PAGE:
Models of Self-Disclosure
Benefits and Risks of Self-Disclosure
Alternatives to Self-Disclosure
Guidelines for Self-Disclosure
Chapter 4: Perceiving Others
The Perception Process
Reality Is Constructed
Steps in the Perception Process
Influences on Perception
Sex and Gender Roles
Common Tendencies in Perception
We Make Snap Judgments
We Cling to First Impressions
We Judge Ourselves More Charitably Than We Do Others
We Are Influenced by Our Expectations
We Are Influenced by the Obvious
We Assume Others Are Like Us
Synchronizing Our Perceptions
PART TWO: CREATING AND RESPONDING TO MESSAGES
Chapter 5: Language
The Nature of Language
Language Is Symbolic
Language Is Rule-Governed
Language Is Subjective
Language and Worldview
The Impact of Language
Naming and Identity
Sexism and Racism
Uses (and Abuses) of Language
Precision and Vagueness
The Language of Responsibility
Gender and Language
Extent of Gender Differences
Accounting for Gender Differences
Chapter 6: Nonverbal Communication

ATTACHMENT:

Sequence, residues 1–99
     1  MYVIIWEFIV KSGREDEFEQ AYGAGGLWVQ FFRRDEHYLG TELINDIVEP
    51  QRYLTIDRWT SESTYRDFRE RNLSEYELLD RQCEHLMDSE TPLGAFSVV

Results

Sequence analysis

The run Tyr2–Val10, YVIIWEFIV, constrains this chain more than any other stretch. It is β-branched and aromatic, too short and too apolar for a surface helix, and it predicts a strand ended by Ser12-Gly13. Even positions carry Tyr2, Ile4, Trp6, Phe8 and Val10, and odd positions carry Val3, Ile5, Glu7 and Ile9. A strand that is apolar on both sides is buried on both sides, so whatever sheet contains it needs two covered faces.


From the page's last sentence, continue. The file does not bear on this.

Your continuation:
Nonverbal Communication Defined
Characteristics of Nonverbal Communication
All Behavior Has Communicative Value
Nonverbal Communication Is Primarily Relational
Nonverbal Communication Is Ambiguous
Nonverbal Communication Is Influenced by Culture
Functions of Nonverbal Communication
Creating and Maintaining Relationships
Types of Nonverbal Communication
Face and Eyes
Chapter 7: Listening: Understanding and Supporting Others
The Nature of Listening
The Importance of Listening
Reasons for Listening
The Challenge of Listening
Listening Is Not Easy
All Listeners Do Not Receive the Same Message
Poor Listening Habits
Components of Listening
Types of Listening Responses
Which Style to Use?
Chapter 8: Emotions
What Are Emotions?
Influences on Emotional Expression
Social Conventions and Roles
Fear of Self-Disclosure
Guidelines for Expressing Emotions
Recognize Your Feelings
Choose the Best Language
Share Multiple Feelings
Recognize the Difference between Feeling and Acting
Accept Responsibility for Your Feelings
Choose the Best Time and Place to Express Your Feelings
Managing Difficult Emotions
Facilitative and Debilitative Emotions
Thoughts Cause Feelings